Greg Youtz is leading the Tacoma Symphony Orchestra from the Amazon to the Indonesian rainforest, and he's using 30 percussion instruments to do it.
A week from today, the Tacoma composer will see the TSO give the world premiere of his Duo Concerto for percussion, which has required two players, a barrage of instruments, and almost a year of musical conversations to create it.
“I love working with percussionists,” says Youtz, a musicology professor at Pacific Lutheran University and a composer whose work is regularly performed both in the Northwest and beyond. “They don’t have 800 years of tradition behind them, like other instruments, so they’re eager to try things out.”
It’s this willingness, perhaps, plus sheer virtuosity, that made TSO director Harvey Feldman want to showcase his two percussionists, Amy Putnam and Matthew Drumm – and, unable to find a suitable work, commission Youtz to write one. Although Youtz has been connected with the symphony for years – writing program notes and giving pre-concert lectures – the orchestra has never played any of his music.
Plenty of other ensembles in town have performed his music: The Tacoma Concert Band, the Tacoma Youth Symphony and the Regency String Quartet, as well as many PLU-based musicians. But a percussion concerto with professional symphony orchestra gives the composer a chance to go to town with complicated sounds and rhythms.
Which doesn’t mean it’s going to be complicated to listen to.
“Andy (Buelow, the TSO executive director), Harvey and I are acutely aware that the audience hasn’t been crying out for new music,” says Youtz. “So this is written to make them want more. It’s all aimed at Tacoma people. There are definitely new, unusual sounds, but they’re identifiable. And people hear this stuff all the time in the movies – I’m just using those techniques. It’s deliberately theatrical.”
The drama begins with the first few notes. The first movement, “Beginning,” is an invocation in an Indonesian rainforest: Drumm begins with a slow rainstick drizzle, followed by maraca shakes and clave clicks by Putnam. You can hear the frogs, the chirpings, the rustles, and gradually the pitched percussion comes in on a Javanese scale. There are even rare instruments such as the Brazilian cuica, used for samba, and its cousin the lion’s roar – drums with a string through the head, which is rubbed to make a squeaking or growling noise.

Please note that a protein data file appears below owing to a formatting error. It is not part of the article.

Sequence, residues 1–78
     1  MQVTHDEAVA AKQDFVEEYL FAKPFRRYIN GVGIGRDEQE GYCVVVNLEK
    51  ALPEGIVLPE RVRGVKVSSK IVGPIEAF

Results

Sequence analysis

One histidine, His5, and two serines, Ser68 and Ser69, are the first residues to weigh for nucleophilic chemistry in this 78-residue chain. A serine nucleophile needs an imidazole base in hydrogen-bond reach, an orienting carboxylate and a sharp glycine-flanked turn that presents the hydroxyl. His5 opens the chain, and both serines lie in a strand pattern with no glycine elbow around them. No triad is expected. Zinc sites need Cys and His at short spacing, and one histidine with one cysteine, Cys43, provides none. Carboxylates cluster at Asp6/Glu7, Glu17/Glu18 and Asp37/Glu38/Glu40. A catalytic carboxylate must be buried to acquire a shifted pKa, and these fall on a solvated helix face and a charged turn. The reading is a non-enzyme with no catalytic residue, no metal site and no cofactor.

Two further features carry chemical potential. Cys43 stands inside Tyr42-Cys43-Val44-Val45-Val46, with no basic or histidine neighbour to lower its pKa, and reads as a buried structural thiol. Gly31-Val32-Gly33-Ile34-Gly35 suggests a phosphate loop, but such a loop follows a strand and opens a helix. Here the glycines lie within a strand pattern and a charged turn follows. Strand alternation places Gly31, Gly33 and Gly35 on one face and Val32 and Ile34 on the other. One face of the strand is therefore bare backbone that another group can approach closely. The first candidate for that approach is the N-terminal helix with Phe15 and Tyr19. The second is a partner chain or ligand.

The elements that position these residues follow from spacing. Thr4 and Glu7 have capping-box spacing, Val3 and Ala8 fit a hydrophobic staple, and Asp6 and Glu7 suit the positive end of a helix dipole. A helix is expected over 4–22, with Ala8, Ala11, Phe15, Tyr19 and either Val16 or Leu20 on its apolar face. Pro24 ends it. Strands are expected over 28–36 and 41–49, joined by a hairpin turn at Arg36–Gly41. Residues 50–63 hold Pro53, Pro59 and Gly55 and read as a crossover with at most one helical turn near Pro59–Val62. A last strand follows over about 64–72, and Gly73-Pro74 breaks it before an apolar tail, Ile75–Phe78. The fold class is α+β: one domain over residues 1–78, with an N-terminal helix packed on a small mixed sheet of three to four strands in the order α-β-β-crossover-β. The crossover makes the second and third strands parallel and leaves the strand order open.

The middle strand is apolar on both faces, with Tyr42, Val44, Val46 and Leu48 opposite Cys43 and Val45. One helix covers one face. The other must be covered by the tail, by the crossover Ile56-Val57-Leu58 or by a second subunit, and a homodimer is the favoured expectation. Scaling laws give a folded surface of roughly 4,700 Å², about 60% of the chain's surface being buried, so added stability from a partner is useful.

All of this creates some logistical challenges for the two soloists.
“We haven’t had much chance to set up all 30 instruments yet,” says Putnam, as she and Drumm rehearse in the tiny studio she shares with a harpist in the Broadway Center building. Another challenge is figuring out how to align the instruments, as some are played by both players. “It’s a logistical puzzle,” she says.
The set-up holds as much drama as the music. In the second movement, “Bravura,” a classic timpani drum-line rhythm played by Drumm is rudely interrupted by blurts and glissandi from Putnam on other instruments. A battle ensues, the orchestra loudly backing the timpani, with a cadenza featuring built-in retuning – the audience hears and sees Drumm pedaling his instruments up or down to a new pitch.
By the third movement, though, the interrupting percussionist becomes apologetic in the form of a marimba cadenza, where Drumm has to literally put his arms around Putnam to reach the notes. The final “Baccanale” is full of salsa rhythms and Latin rainforest sounds, weaving in and out of complex polyrhythms to a loud climax.
One of the most satisfying aspects of newly composed music, for performers at least, is the ability to question or even change the music to better suit the instrument. Youtz begins his pieces by scribbling the general structure on regular paper, then jotting down theme ideas on manuscript. These ideas come from all musical traditions: Youtz travels to China regularly for musical exchange trips, and recently gave workshops in Trinidad. For this concerto, he drew on everything from Latin American to Asia: “Because there’s so little percussion in the Western tradition, if you want to have any fun at all you have to go outside that tradition,” says the composer.
He writes his pieces straight through, using pencil and paper or a MIDI keyboard on computer, and then the fun begins – sending a copy to the musicians. For the concerto, that meant one movement every couple of months last year.
“As (Putnam and Drumm) explored each movement, they’d send me e-mails suggesting small changes,” says Youtz. “Those were actually quite fun.”
“Greg’s full of ideas,” says Putnam. “He’s like Wikipedia. (After we met in the beginning to discuss concepts) I wondered what he was going to do. Then we had questions – what are your thoughts here? What are you trying to do? In a lot of ways, we’re just the pawns, asked to be here, rehearse this. But we are also the artists, bringing ideas to the score.”
In fact, a week before the concert, Putnam’s still trying to bring in an idea. “Amy even has some Asian elephant bells, which she wants to add in,” says Youtz. “I’m not sure where to put them.”
In all, the concert – which also includes Debussy’s atmospheric “Prelude to the Afternoon of a Faun” and Schubert’s Ninth Symphony – promises a lot of excitement. As Drumm points out, there aren’t many concertos for two percussionists.
“Percussion is new,” says Putnam. “It’s very exciting. The sky’s the limit.”